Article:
Symptomatic atherosclerotic cardiovascular disease is defined as:

  • The presence of symptomatic coronary artery disease (prior myocardial infarction, prior revascularisation procedure, angina associated with demonstrated significant coronary artery disease (50% or greater stenosis in 1 or more coronary arteries on imaging), or positive functional testing (e.g. myocardial perfusion scanning or stress echocardiography); or
  • The presence of symptomatic cerebrovascular disease (prior ischaemic stroke, prior revascularisation procedure, or transient ischaemic attack associated with 50% or greater stenosis in 1 or more cerebral arteries on imaging); or
  • The presence of symptomatic peripheral arterial disease (prior acute ischaemic event due to atherosclerosis, prior revascularisation procedure, or symptoms of ischaemia with evidence of significant peripheral artery disease (50% or greater stenosis in 1 or more peripheral arteries on imaging)).

Thus, to be approved under PBS authority, these are the must have criteria:

  1. Familial heterozygous hypercholesterolaemia



  • LDL-C >2.6 mmol/L despite maximally tolerated statin or HMG-CoA contraindicated with symptomatic ASCVD OR
  • LDL-C >5.0mmol/L without symptomatic ASCVD

Symptomatic ASCVD

2. Non-familial heterozygous hypercholesterolaemia


  • Since this is non-familial disease, there is no requirement for genetic testing nor Dutch Lipid Network Score.


  • LDL-C >2.6 mmol/L despite maximally tolerated statin or HMG-CoA contraindicated

Symptomatic ASCVD disease PLUS the following:

  • Patient must have atherosclerotic disease in two or more vascular territories (coronary, cerebrovascular or peripheral vascular territories); OR
  • Patient must have severe multi-vessel coronary heart disease defined as at least 50% stenosis in at least two large vessels; OR
  • Patient must have had at least two major cardiovascular events (i.e. myocardial infarction, unstable angina, stroke or unplanned revascularisation) in the previous 5 years; OR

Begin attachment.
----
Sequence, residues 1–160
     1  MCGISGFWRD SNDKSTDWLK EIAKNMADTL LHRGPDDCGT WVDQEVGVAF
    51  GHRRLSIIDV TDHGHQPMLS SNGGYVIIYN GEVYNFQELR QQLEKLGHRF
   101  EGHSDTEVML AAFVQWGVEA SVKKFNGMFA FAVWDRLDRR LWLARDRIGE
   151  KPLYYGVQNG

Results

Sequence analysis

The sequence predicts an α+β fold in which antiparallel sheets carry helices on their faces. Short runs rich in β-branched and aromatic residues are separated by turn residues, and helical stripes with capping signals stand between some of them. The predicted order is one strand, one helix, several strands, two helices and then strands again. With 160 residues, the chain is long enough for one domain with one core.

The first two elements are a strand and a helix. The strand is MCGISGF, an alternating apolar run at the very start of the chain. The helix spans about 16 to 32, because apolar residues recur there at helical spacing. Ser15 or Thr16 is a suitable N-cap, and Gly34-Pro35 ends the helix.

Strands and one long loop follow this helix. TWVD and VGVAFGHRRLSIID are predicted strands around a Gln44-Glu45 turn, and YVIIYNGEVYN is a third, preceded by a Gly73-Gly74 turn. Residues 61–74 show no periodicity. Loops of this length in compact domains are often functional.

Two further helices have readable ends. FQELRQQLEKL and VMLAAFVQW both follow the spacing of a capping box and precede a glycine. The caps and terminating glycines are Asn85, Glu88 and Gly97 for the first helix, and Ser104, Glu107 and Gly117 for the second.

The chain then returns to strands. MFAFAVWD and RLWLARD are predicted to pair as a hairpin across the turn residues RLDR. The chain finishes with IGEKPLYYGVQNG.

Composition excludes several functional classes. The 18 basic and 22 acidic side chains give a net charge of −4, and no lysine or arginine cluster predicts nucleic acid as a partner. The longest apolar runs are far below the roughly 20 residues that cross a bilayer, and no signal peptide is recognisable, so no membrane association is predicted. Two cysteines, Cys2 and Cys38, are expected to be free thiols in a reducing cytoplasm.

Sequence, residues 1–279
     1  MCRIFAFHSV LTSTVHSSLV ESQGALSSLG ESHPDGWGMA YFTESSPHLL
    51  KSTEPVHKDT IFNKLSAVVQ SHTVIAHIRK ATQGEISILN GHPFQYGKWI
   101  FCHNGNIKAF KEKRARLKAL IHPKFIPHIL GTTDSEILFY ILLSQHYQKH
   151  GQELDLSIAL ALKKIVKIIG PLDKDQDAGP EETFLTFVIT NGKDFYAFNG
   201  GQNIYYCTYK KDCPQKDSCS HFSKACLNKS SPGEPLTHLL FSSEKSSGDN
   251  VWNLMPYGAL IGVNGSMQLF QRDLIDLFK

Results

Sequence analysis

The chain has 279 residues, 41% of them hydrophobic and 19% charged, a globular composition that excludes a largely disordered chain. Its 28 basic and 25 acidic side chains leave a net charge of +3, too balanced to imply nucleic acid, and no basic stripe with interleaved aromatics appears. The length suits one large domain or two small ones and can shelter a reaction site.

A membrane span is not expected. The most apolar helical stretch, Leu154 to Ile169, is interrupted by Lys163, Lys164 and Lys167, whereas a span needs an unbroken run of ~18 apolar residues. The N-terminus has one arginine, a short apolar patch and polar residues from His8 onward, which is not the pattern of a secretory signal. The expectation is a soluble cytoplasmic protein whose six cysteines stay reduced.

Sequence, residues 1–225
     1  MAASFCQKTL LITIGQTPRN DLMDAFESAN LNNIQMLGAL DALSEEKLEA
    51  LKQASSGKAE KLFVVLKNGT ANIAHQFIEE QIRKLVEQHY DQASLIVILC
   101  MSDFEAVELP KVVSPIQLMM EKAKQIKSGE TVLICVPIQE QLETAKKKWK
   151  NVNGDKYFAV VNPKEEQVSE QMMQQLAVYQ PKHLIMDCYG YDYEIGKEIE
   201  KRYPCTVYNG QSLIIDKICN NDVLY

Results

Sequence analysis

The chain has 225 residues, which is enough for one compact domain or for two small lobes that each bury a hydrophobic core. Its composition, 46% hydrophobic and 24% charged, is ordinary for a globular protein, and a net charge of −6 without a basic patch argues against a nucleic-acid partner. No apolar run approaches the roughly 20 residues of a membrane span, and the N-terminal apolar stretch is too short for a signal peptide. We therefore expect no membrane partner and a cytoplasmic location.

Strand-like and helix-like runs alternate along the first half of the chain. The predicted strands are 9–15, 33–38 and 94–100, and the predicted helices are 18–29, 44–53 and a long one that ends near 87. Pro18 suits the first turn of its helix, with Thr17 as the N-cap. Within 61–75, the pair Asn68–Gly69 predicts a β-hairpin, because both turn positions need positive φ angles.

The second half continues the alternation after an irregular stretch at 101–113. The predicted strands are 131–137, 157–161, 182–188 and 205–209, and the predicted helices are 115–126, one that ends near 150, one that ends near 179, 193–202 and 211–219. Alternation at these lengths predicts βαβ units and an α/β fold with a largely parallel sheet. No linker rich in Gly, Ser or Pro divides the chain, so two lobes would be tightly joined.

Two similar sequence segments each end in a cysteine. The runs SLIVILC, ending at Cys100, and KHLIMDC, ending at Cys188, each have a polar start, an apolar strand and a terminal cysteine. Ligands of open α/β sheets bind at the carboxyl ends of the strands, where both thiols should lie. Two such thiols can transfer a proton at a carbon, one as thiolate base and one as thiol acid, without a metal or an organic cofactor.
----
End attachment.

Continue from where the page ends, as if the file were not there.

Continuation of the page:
• Patient must have diabetes mellitus with microalbuminuria; OR
  • Patient must have diabetes mellitus and be aged 60 years or more; OR
  • Patient must be an Aboriginal or Torres Strait Islander with diabetes mellitus; OR  
  • Patient must have a Thrombolysis in Myocardial Infarction (TIMI) risk score for secondary prevention of 4 or higher

Studies have confirmed the potency of PCSK9i in reducing LDL-C (1). While there is evidence that PCSK9i is effective in reducing cardiovascular events (myocardial infarction, strokes and revascularisation) but evidence for reduction of mortality is not there yet (2).


  1. Schmidt AF, Carter JL, Pearce LS, Wilkins JT, Overington JP, Hingorani AD, Casas JP. PCSK9 monoclonal antibodies for the primary and secondary prevention of cardiovascular disease. Cochrane Database Syst Rev. 2020 Oct 20;10:CD011748. doi: 10.1002/14651858.CD011748.pub3. PMID: 33078867.
  2. AlTurki A, Marafi M, Dawas A, Dube MP, Vieira L, Sherman MH, Gregoire J, Thanassoulis G, Tardif JC, Huynh T. Meta-analysis of Randomized Controlled Trials Assessing the Impact of Proprotein Convertase Subtilisin/Kexin Type 9 Antibodies on Mortality and Cardiovascular Outcomes. Am J Cardiol. 2019 Dec 15;124(12):1869-1875. doi: 10.1016/j.amjcard.2019.09.011. Epub 2019 Sep 26. PMID: 31679643.